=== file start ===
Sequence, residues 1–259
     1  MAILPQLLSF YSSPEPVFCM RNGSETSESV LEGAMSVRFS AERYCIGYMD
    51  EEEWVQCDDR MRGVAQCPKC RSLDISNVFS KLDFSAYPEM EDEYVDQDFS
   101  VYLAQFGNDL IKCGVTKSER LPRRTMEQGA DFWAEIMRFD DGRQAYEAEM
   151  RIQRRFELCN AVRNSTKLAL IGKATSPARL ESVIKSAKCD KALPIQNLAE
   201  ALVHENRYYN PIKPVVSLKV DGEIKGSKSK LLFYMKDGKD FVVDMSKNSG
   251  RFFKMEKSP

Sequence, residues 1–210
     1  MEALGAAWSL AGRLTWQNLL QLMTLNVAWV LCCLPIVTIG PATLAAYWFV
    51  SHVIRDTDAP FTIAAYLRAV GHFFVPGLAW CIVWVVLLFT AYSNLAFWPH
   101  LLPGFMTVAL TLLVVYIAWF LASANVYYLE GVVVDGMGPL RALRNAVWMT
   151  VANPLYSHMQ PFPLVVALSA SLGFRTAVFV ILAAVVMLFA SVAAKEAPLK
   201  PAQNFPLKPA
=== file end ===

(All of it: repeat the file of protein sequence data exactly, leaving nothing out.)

Sequence, residues 1–259
     1  MAILPQLLSF YSSPEPVFCM RNGSETSESV LEGAMSVRFS AERYCIGYMD
    51  EEEWVQCDDR MRGVAQCPKC RSLDISNVFS KLDFSAYPEM EDEYVDQDFS
   101  VYLAQFGNDL IKCGVTKSER LPRRTMEQGA DFWAEIMRFD DGRQAYEAEM
   151  RIQRRFELCN AVRNSTKLAL IGKATSPARL ESVIKSAKCD KALPIQNLAE
   201  ALVHENRYYN PIKPVVSLKV DGEIKGSKSK LLFYMKDGKD FVVDMSKNSG
   251  RFFKMEKSP

Sequence, residues 1–210
     1  MEALGAAWSL AGRLTWQNLL QLMTLNVAWV LCCLPIVTIG PATLAAYWFV
    51  SHVIRDTDAP FTIAAYLRAV GHFFVPGLAW CIVWVVLLFT AYSNLAFWPH
   101  LLPGFMTVAL TLLVVYIAWF LASANVYYLE GVVVDGMGPL RALRNAVWMT
   151  VANPLYSHMQ PFPLVVALSA SLGFRTAVFV ILAAVVMLFA SVAAKEAPLK
   201  PAQNFPLKPA